Alice Guy-Blache was, without question, the first woman to direct a movie. Not only that she was among the earliest narrative directors, putting a story on a short film rather than shooting waves crashing on a beach or horses going down the street, ala most who got behind the camera in the 1890s.
The odds, however, are that even if you’re a cinephile, you’ve never heard of Guy-Blache, who was for decades left out of film history, written out of the story that she was instrumental in creating.
Now, a century after Guy-Blache made her last film -- and 50 years after her death -- she’s getting the recognition she has long deserved, thanks to Pamela B. Green’s absorbing documentary: “Be Natural: The Untold Story of Alice Guy-Blache”
A detective story of sorts, the documentary follows Green’s eight years of research into Guy-Blache’s life and films. Starting from a “why didn’t I know about her” premise, Green interviews film historians, directors, family members of Guy-Blache and her associates and manages to assemble a raft of interviews with Guy-Blache and film clips.
They’re assembled into a chronological timeline that, via Jodie Foster’s narration tells Guy-Blache’s story.
A 21-year-old secretary to film pioneer Leon Gaumont in Paris, Alice Guy made her first film, the fairy tale based “La Fee aux Choux” (The Cabbage Fairy)’ in 1896. Becoming Gaumont’s primary directors, Guy made hundreds of films in Europe before marrying Englishman Herbert Blache and leaving Gaumont, where both worked.
Moving to the U.S., Guy-Blache resumed movie making in Fort Lee, New Jersey, where she founded and ran, with her husband, the Solax Company, one of the country’s largest pre-World War I studios.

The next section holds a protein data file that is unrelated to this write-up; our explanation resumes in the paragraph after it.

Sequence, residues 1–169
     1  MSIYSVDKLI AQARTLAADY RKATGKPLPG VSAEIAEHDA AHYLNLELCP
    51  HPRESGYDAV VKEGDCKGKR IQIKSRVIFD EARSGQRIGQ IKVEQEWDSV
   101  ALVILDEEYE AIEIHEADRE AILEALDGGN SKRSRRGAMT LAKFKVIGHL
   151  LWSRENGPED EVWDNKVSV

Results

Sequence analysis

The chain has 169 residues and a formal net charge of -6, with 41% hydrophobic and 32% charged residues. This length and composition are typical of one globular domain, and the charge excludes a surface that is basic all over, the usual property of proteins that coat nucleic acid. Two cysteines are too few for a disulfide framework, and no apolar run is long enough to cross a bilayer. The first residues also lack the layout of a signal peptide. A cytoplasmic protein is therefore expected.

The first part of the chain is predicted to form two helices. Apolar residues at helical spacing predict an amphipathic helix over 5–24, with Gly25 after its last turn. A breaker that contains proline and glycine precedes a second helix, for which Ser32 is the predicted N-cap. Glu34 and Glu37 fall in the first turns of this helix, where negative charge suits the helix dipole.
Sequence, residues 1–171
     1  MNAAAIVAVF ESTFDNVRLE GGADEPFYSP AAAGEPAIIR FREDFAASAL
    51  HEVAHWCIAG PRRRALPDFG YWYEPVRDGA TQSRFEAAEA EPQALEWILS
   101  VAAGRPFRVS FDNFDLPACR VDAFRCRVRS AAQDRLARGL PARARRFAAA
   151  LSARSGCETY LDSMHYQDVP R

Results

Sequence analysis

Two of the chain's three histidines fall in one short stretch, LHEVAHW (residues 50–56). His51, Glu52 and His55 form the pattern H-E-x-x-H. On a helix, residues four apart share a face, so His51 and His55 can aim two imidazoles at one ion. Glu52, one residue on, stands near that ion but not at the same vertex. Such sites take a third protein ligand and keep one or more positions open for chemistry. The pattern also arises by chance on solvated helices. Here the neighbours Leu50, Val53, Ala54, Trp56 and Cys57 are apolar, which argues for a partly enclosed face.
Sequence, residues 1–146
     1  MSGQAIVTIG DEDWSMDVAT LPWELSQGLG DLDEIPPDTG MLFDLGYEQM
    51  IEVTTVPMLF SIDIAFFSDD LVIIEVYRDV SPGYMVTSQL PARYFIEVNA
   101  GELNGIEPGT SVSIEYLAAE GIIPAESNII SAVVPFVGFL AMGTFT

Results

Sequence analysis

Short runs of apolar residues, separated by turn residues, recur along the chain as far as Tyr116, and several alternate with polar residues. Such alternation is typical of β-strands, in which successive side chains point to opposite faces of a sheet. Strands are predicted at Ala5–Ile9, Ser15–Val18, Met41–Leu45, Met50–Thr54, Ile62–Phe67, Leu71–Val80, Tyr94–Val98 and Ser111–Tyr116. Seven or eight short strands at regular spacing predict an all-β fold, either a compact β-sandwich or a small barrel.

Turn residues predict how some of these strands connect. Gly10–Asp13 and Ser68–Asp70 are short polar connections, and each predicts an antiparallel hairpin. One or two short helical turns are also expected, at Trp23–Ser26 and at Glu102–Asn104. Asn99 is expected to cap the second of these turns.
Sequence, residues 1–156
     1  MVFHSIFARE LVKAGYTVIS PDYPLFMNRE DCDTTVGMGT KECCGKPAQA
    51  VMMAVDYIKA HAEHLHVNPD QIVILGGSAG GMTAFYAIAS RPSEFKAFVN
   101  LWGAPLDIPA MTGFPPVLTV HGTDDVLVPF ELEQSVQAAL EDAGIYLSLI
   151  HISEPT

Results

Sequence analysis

The war and the increasing control of Thomas Edison over movie making pushed the film business to Hollywood and put Solax out of business.
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That’s just the barest outline of a story of marriage and divorce, betrayal of credit for her work -- film histories attributed her movies to her actors and assistant directors -- and frustration at getting recognized. She, for example, wrote a memoir in the 1940s and '50s that wasn’t published until the ‘70s.
Green compellingly assembles those storylines while demonstrating Guy-Blache’s pioneering vision, from her “big budget” production of “The Life of Christ," with 300 extras in France, making Westerns with the help of a military veteran in Fort Lee, creating hand-tinted color films and directing some of the earliest synchronized sound productions.
Guy-Blache is heard via some 1950s and '60s interviews -- some on film, some audio only. And Green found interviews with her daughter, who lived with the director for 60 years, and correspondence with a close friend to further fill out her story.
The film also makes great use of graphics depicting Green’s travels across the country and to Europe to track down the material -- and the case of the interviews with the daughter, bring them back to life by baking the old videotape on which they were preserved.
The movie’s title comes from the sign Guy-Blache hung in the New Jersey studio: “BE NATURAL” an ahead-of-its-time admonition to her actors to be themselves.
I’d seen the name Alice Guy-Blache before viewing the movie, but I knew little about here. She wasn’t mentioned in the film history classes I took decades ago.
She should be in those classes now -- and “Be Natural” needs to be widely seen by those who love movies and film history for it brings rightful recognition to the first female film pioneer.